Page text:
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both trompe d'oeil and trompe l'oeil

I have also seen both used interchangeably. However I believe that only "trompe l'oeil" is correct (but am quite willing to be corrected). The verb "tromper" = to deceive and is transitive. You deceive someone, or in this case "the eye"="l'oeil", not "deceive of the eye"="d'oeil". Tromper is often used in the reflexive form "se tromper" = "to deceive oneself" or to be wrong about and then the thing one is wrong about takes "de". "se tromper de route"="to take the wrong road". "tromperie d'oeil"="deception of the eye" might be ok.

Also Larousse online only has the "trompe l'oeil" form.

Rod (who is quite capable of deceiving himself)

PS. Just remembered that "trompe" is also an elephant's trunk, and from the endless song "Un elephant ca trompe, ca trompe" it must also mean trumpet. There must be a pun in there somewhere with "ca trompe"="se trompe".

#29287 - 05/16/01 11:44 AM Re: Name for a pictorial illusion  
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emanuela Offline
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Italy - Perugia is a town with...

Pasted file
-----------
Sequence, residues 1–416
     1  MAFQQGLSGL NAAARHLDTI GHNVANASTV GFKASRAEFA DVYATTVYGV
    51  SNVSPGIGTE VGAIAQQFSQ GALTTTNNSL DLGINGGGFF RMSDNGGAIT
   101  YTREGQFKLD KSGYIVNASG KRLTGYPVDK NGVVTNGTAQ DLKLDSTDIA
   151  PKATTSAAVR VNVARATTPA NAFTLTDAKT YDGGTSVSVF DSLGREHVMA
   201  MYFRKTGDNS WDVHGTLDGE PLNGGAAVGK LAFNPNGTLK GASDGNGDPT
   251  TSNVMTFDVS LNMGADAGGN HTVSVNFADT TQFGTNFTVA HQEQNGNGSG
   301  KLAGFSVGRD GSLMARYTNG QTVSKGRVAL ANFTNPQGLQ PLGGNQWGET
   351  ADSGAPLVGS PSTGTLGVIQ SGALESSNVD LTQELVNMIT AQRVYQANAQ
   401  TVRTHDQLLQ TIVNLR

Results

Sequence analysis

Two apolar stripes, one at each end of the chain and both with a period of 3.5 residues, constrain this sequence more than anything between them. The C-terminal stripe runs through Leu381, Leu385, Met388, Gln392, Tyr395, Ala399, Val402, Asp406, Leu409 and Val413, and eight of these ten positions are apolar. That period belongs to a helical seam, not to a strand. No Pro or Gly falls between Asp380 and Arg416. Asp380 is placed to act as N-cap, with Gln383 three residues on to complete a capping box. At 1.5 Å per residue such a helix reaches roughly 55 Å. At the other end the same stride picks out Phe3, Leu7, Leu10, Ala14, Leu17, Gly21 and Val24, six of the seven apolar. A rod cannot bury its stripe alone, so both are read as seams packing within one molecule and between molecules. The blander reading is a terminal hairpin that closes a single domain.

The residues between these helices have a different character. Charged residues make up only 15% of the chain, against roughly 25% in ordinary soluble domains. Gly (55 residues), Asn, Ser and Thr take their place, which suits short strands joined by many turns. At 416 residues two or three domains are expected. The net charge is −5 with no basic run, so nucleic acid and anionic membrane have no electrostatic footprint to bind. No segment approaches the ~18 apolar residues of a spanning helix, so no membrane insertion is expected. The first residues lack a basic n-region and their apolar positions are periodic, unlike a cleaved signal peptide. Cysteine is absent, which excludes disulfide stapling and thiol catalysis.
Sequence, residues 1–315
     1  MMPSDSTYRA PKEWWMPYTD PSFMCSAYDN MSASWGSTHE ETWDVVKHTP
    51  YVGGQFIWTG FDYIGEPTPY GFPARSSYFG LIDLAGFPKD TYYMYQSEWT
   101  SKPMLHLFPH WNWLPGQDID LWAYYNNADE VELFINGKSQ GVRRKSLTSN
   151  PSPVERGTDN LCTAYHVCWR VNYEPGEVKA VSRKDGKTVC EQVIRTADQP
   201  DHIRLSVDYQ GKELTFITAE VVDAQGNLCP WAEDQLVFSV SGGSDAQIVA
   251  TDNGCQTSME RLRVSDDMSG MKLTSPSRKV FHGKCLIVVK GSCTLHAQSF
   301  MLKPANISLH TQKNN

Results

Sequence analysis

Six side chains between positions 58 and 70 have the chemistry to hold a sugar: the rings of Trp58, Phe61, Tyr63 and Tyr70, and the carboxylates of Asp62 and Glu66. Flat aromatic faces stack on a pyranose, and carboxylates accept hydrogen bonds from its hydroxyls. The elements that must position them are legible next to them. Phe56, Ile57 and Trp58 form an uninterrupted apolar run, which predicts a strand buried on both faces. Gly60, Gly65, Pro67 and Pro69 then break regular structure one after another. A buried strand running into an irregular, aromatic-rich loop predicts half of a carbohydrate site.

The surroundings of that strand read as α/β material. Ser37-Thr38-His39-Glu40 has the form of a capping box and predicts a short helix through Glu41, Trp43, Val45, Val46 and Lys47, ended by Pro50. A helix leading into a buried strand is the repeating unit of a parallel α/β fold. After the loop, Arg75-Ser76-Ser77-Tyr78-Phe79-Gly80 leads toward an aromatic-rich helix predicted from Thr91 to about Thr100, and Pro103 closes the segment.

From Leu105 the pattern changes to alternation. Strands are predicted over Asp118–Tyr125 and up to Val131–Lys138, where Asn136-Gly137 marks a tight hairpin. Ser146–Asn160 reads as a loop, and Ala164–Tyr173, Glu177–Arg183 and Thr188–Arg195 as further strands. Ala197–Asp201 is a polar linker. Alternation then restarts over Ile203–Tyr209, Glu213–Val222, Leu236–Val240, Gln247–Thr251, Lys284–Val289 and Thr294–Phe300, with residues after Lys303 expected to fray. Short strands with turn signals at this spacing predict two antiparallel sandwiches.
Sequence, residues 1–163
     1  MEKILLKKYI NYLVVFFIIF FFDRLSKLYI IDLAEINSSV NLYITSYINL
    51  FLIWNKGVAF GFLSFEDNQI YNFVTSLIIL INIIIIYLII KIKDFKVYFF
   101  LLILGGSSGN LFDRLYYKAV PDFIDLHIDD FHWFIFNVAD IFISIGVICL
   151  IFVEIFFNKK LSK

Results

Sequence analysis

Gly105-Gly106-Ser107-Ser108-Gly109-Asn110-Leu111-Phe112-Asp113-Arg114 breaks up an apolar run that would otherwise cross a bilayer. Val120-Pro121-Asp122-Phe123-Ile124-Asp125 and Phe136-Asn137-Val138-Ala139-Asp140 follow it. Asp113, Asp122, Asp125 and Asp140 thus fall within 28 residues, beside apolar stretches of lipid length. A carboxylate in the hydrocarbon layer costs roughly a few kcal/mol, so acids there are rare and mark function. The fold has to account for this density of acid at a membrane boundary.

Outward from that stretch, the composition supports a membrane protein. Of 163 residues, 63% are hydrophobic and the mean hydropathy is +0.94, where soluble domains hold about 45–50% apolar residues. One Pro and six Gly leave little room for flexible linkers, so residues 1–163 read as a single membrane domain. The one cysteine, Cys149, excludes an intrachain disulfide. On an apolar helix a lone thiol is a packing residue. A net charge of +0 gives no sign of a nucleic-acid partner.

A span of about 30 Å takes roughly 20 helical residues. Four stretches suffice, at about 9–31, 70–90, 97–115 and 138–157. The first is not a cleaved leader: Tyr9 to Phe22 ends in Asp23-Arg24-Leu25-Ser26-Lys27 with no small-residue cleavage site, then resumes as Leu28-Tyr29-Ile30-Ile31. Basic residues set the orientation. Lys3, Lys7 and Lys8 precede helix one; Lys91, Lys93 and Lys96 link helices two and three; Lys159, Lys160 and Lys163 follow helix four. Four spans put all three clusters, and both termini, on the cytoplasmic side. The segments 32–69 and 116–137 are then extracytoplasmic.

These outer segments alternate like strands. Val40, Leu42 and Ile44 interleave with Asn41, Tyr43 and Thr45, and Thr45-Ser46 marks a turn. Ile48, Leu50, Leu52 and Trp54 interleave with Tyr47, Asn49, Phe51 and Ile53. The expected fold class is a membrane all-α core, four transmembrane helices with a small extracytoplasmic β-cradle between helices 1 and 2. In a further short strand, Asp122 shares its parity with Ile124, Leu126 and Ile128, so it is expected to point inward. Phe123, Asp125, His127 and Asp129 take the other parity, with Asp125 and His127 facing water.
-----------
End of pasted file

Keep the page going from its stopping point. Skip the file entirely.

Anamorfosi = ???
is a way of drawing something -according to the laws of perspective - from a very strange angle of view, so that it usually difficult to guess what the subject is, unless by looking at the picture from a similar angle
Holbein was famous for this kind of picture. Anyway, I imagine that my explanations are very poor, since a picture is worth a thousand words...Maybe you can try to find some example of that by a search in the web.


#29288 - 05/16/01 11:49 AM Re: Name for a pictorial illusion  
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Jackie Offline
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LUCY--what a delight to see you back! Wish I had your answer, but I've only seen them as "illusions". My dear, I hope you can be with us more often in the future--you're neat.

B96--excellent link. I saw a Dali painting that I found rather disturbing--but then most of his are.

Rod--(good heavens, just now you came out, inadvertently, to be Roc!) Fascinating, about the butterflies! (Got any you can send me?) And, the hotel--did you mean the last picture? I couldn't detect anything strange about the others.

AnnaS., I learned it as trompe l'oeil: fool THE eye, and when I put trompe d'oeil (that would be fool OF eye, not very sensical.) into tsuwm's x-refer, it gave me trompe l'oeil. So I guess trompe d'oeil is an English
(American?) bastardization of trompe l'oeil.




#29289 - 05/16/01 12:28 PM Re: Name for a pictorial illusion  
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rodward Offline
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the hotel--did you mean the last picture?

Jackie,
Yes. I did have some other links a month ago back. A colleague's daughter was asking about trompe l'oeil and I looked it out then, but I can't find the better one now. I will google for some butterflies and post if I find, so you can explain them to me .

Rod